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December 1932

Die Funktion des Gewissens in den neurotischen Krankheiten.

Arch NeurPsych. 1932;28(6):1463. doi:10.1001/archneurpsyc.1932.02240060222029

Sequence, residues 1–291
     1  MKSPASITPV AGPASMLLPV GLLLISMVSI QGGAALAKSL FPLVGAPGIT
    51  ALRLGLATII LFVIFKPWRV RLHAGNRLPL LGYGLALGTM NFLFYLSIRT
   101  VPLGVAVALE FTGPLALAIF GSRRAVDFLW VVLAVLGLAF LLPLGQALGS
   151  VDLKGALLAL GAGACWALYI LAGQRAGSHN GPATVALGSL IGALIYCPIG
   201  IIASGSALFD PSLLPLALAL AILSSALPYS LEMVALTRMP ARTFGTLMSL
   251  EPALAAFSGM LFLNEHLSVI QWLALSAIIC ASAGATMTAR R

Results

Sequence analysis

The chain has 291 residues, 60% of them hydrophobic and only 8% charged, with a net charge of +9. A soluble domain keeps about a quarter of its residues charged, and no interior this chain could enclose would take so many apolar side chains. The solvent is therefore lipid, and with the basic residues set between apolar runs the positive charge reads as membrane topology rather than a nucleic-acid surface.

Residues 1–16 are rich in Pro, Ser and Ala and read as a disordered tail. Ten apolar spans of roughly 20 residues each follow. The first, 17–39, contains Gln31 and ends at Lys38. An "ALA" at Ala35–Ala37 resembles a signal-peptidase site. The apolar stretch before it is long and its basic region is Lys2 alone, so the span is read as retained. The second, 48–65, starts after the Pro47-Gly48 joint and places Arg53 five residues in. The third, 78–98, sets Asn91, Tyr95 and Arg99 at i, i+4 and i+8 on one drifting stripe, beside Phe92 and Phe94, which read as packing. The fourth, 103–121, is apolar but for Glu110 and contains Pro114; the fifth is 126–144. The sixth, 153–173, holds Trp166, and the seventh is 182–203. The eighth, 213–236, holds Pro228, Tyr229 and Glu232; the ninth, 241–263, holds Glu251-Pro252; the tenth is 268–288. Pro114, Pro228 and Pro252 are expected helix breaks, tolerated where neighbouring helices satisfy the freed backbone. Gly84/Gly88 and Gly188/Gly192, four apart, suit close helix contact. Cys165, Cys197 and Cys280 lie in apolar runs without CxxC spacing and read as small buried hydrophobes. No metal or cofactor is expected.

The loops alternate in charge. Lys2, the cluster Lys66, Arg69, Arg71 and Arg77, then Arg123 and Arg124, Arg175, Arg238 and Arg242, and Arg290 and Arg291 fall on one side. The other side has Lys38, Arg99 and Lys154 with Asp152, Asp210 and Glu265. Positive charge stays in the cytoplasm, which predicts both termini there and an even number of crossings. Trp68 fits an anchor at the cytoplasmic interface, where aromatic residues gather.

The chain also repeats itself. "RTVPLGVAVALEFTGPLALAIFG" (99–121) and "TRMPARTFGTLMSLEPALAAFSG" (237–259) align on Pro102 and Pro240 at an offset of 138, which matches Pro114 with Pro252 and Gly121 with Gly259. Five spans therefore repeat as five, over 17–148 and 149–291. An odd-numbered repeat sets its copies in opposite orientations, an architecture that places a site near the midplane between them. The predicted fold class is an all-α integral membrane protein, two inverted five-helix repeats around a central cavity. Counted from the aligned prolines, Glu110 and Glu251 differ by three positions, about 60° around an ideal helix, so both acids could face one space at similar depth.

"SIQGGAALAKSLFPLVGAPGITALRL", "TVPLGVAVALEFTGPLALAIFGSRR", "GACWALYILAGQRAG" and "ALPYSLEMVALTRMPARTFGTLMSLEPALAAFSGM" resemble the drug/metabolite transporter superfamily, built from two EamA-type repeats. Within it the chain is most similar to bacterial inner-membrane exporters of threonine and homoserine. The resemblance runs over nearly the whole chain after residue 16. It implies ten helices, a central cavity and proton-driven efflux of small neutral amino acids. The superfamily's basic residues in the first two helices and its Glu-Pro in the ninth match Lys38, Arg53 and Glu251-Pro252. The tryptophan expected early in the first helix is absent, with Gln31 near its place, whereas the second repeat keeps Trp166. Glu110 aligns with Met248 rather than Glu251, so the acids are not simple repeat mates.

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This book is a reprint of a lecture given before an association of physicians and clergymen. The author presents the view that from the biologic point of view alone the neurotic patient cannot be understood. The psychic conflict of the neurotic person is in every instance based on a conflict of conscience. Conscience is an irreducible, unanalyzable phenomenon. In the course of psychoanalysis, the patient has to give up his inner resistances; he has to conquer his own self. The author sees a close analogy between psychotherapy and the religious appeasement of conscience. In the "theological postscript," by Carl Schweitzer, the author's point of view is criticized. It is pointed out that from the theological point of view ethics and religion cannot be separated. The "conscience troubles" of the neurotic person and of the normal person are identical; they can be resolved only by "faith in the spontaneous interference of

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